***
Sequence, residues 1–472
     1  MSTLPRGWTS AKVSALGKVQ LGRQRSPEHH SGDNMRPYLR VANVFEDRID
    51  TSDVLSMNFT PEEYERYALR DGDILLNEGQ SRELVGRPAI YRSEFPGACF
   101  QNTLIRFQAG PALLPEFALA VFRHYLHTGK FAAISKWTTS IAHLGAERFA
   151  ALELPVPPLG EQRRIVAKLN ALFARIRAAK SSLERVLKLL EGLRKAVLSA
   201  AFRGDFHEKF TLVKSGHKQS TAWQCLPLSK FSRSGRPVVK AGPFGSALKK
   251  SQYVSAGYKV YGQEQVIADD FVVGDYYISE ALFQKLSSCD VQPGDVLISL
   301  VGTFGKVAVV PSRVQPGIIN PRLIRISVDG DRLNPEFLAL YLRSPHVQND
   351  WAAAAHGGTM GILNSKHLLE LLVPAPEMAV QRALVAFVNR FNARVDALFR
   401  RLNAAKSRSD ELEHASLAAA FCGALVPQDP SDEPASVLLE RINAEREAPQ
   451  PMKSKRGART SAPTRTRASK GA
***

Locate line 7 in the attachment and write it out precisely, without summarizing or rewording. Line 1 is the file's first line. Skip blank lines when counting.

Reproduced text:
   251  SQYVSAGYKV YGQEQVIADD FVVGDYYISE ALFQKLSSCD VQPGDVLISL